How Dare You Tread on Me?

It’s hard to write a Fourth of July column when you don’t feel much like celebrating.

To prepare for this one, I perused every Independence Day column I’ve written since I became a regular for this newspaper back in the late 1990s. Though more than ten years’ worth of those columns are posted on my website (, they and all the rest are also stored chronologically in massive three-ring binders, each column neatly clipped and scotch-taped to a piece of copy paper slipped inside a vinyl sheet protector.

In reading through them, I discovered a lot of columns about how dogs and fireworks don’t mix. I’ve written about braving the giant “Slide the City” water slide in downtown Cookeville. I’ve written about hot dog eating contests. I’ve written about watching my grandkids hold sparklers for the first time and about Independence Hall and the Liberty Bell and Paul Revere and Betsy Ross and Ben Franklin and Samuel Adams and even Benedict Arnold.

This year, I’m writing about a flag.

Not the stars-and-stripes, as you might expect in a Fourth of July column. Nope. This column is, instead, about the “Gadsden flag,” sometimes called the “Don’t Tread on Me” flag, which flew during the early days of the American Revolution. Named after its creator Christopher Gadsden, a Charleston-born brigadier general in the Continental Army, the flag made its first appearance in 1775.

It’s mustard-yellow in color and pictures a rattlesnake coiled on a patch of grass, ready to strike. Beneath the snake are the words DONT TREAD ON ME (apostrophe omitted for historical accuracy). Some historians believe the flag was inspired by Ben Franklin’s famous “Join or Die” drawing, which depicts a rattlesnake sliced into several segments representing the American colonies, published in 1754 to encourage American colonists to unite to oppose British tyranny. After the stars-and-stripes flag was adopted, the Gadsden flag was largely ignored for more than 200 years.

It regained some popularity in the 1970s in libertarian circles but attracted little attention beyond that. The flag and its slogan came roaring back as the far-right Tea Party movement gained momentum in the first decade of the twenty-first century. These days, it’s everywhere. Its fans proclaim it a symbol of patriotism, a protest against government overreach and a beacon for those fighting to protect their rights–most notably, the right to bear arms.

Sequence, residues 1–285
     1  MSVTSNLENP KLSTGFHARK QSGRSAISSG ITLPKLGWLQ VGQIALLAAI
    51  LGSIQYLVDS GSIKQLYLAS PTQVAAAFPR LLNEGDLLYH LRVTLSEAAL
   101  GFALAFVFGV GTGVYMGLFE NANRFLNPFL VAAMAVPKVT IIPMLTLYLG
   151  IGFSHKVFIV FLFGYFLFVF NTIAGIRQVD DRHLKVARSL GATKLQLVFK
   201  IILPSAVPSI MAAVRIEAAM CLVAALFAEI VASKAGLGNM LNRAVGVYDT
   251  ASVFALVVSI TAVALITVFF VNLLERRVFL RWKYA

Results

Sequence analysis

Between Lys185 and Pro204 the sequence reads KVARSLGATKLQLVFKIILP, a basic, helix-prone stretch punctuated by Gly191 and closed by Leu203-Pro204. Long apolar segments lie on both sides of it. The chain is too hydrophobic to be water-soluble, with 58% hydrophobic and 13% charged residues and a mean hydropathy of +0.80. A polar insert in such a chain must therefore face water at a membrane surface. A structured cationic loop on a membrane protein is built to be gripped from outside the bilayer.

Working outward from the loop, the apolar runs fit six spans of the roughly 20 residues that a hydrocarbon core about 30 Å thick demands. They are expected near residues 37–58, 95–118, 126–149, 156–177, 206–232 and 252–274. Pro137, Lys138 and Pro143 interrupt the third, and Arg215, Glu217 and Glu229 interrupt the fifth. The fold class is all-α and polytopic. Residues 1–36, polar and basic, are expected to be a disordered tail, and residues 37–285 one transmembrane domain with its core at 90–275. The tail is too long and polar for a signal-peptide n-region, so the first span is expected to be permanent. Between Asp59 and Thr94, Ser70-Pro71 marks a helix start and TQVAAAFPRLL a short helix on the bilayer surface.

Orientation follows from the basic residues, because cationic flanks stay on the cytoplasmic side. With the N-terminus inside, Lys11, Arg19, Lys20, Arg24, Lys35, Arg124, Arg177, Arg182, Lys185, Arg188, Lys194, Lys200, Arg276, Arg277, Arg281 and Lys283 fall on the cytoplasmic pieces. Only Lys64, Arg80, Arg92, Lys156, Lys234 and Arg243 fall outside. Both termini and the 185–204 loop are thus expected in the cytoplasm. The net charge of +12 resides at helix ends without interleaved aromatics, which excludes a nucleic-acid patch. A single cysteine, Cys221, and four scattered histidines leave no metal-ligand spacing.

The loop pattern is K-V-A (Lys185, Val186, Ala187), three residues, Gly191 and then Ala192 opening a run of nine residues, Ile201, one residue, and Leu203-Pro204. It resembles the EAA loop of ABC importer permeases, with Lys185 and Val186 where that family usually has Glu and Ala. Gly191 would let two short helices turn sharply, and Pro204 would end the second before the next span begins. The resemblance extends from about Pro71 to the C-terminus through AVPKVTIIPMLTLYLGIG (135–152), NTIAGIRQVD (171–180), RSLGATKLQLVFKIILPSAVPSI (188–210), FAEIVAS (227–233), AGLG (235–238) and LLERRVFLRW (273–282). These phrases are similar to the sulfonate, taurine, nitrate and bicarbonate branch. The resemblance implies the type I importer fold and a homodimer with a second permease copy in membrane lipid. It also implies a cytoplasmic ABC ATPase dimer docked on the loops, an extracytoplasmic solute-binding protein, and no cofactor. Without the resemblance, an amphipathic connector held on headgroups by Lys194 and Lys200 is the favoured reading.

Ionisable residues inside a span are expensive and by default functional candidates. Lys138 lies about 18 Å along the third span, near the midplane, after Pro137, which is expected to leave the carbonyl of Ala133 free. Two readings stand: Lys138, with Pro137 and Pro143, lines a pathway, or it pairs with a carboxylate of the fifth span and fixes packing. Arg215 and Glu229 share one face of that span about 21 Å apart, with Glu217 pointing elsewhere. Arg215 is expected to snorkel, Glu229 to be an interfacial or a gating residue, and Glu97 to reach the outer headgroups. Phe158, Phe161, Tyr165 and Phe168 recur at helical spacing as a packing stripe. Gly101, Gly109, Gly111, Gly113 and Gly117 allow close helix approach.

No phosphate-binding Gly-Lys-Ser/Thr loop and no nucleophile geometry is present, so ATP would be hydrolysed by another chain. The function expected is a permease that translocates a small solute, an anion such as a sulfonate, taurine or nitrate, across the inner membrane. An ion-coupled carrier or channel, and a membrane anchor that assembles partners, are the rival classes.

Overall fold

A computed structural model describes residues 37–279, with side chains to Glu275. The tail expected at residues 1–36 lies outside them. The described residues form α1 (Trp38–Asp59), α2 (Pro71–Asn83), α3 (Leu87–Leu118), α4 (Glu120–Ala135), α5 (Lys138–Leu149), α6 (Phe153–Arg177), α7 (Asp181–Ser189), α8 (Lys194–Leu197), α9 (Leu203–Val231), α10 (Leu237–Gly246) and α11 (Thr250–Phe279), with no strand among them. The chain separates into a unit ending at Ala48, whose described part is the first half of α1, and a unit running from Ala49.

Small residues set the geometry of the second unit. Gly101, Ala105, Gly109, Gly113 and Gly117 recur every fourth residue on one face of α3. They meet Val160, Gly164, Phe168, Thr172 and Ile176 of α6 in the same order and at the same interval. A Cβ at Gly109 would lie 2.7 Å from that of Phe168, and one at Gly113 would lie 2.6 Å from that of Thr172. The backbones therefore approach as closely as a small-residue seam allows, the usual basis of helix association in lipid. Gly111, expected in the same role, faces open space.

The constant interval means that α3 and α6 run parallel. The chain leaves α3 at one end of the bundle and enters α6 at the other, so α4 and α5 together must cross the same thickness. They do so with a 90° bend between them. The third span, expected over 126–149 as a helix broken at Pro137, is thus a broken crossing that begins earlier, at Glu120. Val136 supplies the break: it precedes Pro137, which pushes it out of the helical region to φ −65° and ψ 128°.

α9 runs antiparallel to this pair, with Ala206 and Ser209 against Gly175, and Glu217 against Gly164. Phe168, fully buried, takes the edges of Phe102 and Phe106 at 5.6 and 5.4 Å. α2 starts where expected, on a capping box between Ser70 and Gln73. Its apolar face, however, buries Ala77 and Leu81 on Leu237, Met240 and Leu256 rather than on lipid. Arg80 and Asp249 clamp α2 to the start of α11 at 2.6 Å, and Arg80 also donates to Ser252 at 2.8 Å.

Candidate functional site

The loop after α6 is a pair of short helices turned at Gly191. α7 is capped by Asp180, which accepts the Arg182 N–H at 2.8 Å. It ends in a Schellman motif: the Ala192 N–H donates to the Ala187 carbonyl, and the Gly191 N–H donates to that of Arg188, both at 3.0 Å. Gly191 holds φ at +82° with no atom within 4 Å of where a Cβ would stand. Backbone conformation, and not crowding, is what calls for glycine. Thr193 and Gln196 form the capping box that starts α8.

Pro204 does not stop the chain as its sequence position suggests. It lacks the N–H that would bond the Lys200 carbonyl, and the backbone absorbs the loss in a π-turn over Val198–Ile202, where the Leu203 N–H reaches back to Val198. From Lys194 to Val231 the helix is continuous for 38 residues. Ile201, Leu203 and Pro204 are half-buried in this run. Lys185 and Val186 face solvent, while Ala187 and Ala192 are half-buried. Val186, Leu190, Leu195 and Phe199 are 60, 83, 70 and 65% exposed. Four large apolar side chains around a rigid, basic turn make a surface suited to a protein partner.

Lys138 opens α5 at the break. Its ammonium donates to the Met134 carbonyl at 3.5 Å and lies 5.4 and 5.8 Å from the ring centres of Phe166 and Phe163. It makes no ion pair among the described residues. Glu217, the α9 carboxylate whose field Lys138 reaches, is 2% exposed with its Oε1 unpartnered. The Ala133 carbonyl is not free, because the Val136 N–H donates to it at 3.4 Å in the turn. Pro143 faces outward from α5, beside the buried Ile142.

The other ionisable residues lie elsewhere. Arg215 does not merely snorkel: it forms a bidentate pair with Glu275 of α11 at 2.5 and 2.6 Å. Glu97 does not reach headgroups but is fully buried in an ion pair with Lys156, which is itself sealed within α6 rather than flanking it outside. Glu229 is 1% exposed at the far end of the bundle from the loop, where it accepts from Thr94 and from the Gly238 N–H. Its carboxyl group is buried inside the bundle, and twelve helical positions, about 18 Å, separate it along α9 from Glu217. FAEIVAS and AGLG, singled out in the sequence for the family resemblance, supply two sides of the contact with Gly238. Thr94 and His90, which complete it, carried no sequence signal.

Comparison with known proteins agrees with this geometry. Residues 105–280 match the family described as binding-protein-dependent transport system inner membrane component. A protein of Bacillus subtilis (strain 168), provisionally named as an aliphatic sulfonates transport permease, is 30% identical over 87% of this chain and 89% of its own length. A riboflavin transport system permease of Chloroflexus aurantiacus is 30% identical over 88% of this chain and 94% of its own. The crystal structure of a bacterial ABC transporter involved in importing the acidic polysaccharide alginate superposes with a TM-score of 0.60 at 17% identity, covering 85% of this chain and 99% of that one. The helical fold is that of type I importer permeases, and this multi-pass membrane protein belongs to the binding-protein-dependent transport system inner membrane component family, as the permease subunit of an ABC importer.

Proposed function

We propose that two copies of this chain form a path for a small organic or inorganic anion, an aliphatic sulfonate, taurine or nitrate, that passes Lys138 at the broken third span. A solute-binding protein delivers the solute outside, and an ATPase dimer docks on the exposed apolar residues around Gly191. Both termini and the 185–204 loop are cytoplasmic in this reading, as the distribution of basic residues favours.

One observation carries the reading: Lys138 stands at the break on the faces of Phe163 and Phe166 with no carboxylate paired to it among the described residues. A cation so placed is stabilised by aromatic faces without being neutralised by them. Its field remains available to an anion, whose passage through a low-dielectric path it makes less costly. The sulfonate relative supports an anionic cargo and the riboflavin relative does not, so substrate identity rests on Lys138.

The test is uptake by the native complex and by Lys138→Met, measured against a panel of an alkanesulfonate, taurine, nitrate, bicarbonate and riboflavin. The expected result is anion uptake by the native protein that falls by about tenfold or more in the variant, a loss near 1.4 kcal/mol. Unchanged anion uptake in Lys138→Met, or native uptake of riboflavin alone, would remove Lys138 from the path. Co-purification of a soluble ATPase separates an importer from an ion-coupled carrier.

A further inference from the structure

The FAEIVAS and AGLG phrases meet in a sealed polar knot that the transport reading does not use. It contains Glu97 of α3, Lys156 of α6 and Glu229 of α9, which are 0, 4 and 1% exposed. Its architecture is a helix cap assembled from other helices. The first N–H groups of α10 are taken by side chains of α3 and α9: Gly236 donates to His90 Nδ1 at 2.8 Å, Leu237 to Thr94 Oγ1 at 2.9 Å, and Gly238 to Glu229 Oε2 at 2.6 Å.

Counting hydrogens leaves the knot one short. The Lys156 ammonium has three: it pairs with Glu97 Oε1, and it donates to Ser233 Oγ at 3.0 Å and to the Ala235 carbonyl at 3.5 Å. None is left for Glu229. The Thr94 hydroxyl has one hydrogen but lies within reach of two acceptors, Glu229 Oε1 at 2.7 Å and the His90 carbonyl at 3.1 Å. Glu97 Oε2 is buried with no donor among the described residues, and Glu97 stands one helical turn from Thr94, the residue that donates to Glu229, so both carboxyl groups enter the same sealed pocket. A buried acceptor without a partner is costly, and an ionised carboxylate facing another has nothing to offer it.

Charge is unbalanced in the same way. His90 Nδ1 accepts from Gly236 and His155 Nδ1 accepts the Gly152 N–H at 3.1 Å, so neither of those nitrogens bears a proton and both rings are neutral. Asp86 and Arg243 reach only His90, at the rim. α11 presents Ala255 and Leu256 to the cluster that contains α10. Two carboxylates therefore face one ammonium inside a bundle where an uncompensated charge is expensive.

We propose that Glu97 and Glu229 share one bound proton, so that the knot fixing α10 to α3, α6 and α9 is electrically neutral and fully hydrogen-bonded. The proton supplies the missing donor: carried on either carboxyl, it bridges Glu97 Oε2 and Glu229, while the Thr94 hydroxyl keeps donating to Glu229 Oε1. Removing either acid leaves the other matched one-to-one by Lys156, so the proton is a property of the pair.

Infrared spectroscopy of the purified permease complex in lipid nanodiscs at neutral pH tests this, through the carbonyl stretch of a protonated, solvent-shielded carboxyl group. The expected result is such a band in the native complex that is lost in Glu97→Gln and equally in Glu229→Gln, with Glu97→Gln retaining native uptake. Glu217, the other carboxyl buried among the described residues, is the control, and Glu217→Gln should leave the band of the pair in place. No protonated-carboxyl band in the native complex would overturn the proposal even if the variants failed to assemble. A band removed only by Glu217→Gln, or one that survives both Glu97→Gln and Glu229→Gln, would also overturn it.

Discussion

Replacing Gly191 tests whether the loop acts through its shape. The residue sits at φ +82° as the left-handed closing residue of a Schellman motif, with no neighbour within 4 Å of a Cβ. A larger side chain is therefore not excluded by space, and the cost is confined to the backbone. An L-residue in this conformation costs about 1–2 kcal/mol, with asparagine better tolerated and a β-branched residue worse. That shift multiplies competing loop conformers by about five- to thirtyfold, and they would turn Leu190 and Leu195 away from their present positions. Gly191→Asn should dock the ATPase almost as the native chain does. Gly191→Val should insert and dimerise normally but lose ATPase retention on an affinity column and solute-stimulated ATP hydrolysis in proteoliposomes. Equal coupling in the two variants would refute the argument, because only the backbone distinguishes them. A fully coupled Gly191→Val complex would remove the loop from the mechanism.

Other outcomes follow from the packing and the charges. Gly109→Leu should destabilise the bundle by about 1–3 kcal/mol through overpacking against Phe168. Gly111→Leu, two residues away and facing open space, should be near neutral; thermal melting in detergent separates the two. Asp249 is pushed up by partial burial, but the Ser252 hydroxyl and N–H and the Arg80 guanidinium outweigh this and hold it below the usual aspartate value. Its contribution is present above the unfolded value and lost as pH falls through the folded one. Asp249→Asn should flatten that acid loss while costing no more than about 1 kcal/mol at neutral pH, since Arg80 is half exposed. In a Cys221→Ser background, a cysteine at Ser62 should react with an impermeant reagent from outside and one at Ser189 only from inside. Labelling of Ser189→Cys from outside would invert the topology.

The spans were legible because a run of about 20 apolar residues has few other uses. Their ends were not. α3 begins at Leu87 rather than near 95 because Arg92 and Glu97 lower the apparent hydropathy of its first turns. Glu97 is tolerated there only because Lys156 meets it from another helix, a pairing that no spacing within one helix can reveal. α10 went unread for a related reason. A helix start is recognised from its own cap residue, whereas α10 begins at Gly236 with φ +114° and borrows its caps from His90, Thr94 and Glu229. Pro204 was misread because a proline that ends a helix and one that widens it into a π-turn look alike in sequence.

The flags are available for purchase in countless places, as are commemorative coins, t-shirts, ball caps, cell phone covers and other items too many to enumerate. Some states, including ours, even offer the Gadsden flag design on vehicle license tags.

Until the last few days, when the conservative super-majority on the U.S. Supreme Court handed down decisions so reactionary that I can’t yet fully wrap my head around them, I had no interest in owning anything connected to the Gadsden flag. But now I do. I want to scream its sentiments from the rooftops. And if anybody asks why, here’s what I have to say to the courts and to Congress and to governors and legislators in dozens of states, including this one.

How dare you try to control what people read?  How dare you allow faculty members to proselytize in public schools? How dare you pretend that assault weapons that pulverize shooting victims so completely that their corpses are unidentifiable are protected by the second amendment? How dare you tell me or any other woman what we can or can’t do with our own bodies?

When you do these things, you’re treading on the American people. Stomping our liberty under your heel.

I won’t wear red, white and blue this coming Fourth of July. I’ll be wearing black instead. Or, if I can get one shipped to me in time, a mustard-yellow t-shirt with a rattlesnake coiled on a patch of grass, ready to strike.

(July 2, 2022)